BUENOS AIRES, Argentina (GPI)-- Some 80 women line up on a Monday afternoon outside the door of the Sessions Hall inside the city legislature of Buenos Aires. They all carry folders in their hands, hugging them to their chests like treasures.
They constantly open them, read them, look at each other and close them. At times, they talk in small groups. There are smiles, laughter, meetings and greetings, from hugs to a simple “hola.” Anything to suppress the anxiety of waiting.
Inside, the room is shaped like a semicircle and shares the same atmosphere as the corridor. People are in a hurry, running around to finish the preparations. They gesture to one another as they organize the final details of this special meeting – the first meeting of the city’s Parlamento de Mujeres. The doors open, and the women who had been waiting anxiously outside the door enter with their folders in hand and take their seats.
This is the inaugural session of the new Parlamento de Mujeres’ semiannual meetings, the first held on the International Day of Action for the Health of Women and the second planned for September. The group will present and hear proposals related to women’s issues and eventually advance the strongest ones to the next phase of the city’s legislative system.
In the center of the room sit the three members from the city Chamber of Deputies charged with presiding over the Parlamento de Mujeres.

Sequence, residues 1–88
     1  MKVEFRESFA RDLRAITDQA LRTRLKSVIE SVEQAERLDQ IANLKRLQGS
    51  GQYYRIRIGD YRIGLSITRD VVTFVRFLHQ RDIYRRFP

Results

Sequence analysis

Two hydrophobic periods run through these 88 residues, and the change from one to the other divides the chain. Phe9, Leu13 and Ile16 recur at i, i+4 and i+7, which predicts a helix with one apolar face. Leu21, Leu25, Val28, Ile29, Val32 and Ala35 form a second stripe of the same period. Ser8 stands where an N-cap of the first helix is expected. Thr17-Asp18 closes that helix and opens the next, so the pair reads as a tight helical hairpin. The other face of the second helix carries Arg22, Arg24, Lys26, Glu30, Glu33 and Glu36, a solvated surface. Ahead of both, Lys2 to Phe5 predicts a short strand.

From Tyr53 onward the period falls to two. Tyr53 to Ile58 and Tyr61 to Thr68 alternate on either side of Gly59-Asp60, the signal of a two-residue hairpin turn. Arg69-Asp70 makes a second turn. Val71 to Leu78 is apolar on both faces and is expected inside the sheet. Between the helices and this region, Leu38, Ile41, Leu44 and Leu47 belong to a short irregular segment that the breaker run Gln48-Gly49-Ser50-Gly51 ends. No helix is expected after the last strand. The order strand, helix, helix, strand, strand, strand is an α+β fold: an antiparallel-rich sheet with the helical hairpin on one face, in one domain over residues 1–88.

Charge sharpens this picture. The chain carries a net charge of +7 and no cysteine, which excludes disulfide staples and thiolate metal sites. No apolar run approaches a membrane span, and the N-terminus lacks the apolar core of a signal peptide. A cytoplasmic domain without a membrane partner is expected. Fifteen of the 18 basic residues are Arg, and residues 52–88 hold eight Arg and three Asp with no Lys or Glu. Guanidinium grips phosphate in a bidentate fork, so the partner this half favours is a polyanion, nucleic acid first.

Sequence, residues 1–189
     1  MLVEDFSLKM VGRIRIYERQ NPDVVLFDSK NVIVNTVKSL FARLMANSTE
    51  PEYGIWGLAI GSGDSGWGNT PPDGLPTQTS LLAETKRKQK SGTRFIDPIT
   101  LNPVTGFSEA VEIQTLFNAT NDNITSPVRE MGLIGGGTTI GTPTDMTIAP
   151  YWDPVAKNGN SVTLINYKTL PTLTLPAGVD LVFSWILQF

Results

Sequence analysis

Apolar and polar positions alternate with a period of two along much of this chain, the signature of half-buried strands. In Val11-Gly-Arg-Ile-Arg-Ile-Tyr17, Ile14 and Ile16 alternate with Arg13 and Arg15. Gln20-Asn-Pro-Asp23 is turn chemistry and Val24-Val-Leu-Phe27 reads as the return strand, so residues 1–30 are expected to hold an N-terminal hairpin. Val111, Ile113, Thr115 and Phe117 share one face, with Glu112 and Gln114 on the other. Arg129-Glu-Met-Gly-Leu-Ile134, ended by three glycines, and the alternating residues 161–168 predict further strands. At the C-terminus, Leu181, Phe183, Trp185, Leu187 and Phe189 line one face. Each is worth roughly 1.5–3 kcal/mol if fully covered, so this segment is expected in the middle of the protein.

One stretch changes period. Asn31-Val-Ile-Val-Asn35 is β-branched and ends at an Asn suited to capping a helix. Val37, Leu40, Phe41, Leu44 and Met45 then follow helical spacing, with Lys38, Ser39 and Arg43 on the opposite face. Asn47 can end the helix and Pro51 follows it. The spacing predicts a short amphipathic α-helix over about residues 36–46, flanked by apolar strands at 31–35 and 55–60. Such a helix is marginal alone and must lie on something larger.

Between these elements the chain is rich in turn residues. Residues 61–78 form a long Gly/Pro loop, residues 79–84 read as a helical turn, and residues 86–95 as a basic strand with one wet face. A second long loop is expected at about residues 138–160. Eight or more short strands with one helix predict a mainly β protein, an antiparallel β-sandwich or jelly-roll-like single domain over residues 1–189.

“This initiative has to do with the voice of the women of the organizations being expressed, to go through these walls so that we can make way for new transformations,” says one of the deputies, María Elena Naddeo, president of the chamber's Comisión de Mujer, Infancia, Adolescencia y Juventud.
The women filling the room listen to Naddeo’s words attentively. As the representatives of 58 women's rights organizations, they act as symbolic legislators in the Parlamento de Mujeres. In addition to their folders, each woman has the name of the organization that she is representing in front of her and the number of the proposal that she will read during the session. The group aims to fortify local institutions working on women’s issues by taking their most important initiatives and transforming them into bills.
Mirta Coloca, representing Mujeres Como Vos, a nongovernmental organization that analyzes proposals that aim to improve women’s quality of life, can’t hide the excitement she feels to be present, occupying the spot of a legislator and having a voice in a legislative body for the first time.
“I feel like an important person!” she says.
The mission of the Parlamento de Mujeres is to smooth the path for women-centric bills to become law. Topics range from labor to gender identity rights. The parliament relies on citizen participation, inviting civil society organizations to present their bills and, in doing so, fostering communication between the society and the city legislature. Although many women in society are still unaware of the new parliament’s existence, those who are say they are grateful that their needs are being represented.
The idea for a women’s parliament began in 1998 in Mexico as informal sessions. In those years, Naddeo says she proposed the idea of special sessions for women to the Buenos Aires city legislature, but it didn’t take. Then in April 2011, it won the support necessary for city legislators to approve the formal creation of the Parlamento de Mujeres.
For the first session, various women’s rights organizations received invitations to participate. The parliament has the capacity for 60 organizations to participate, which will be nominated annually.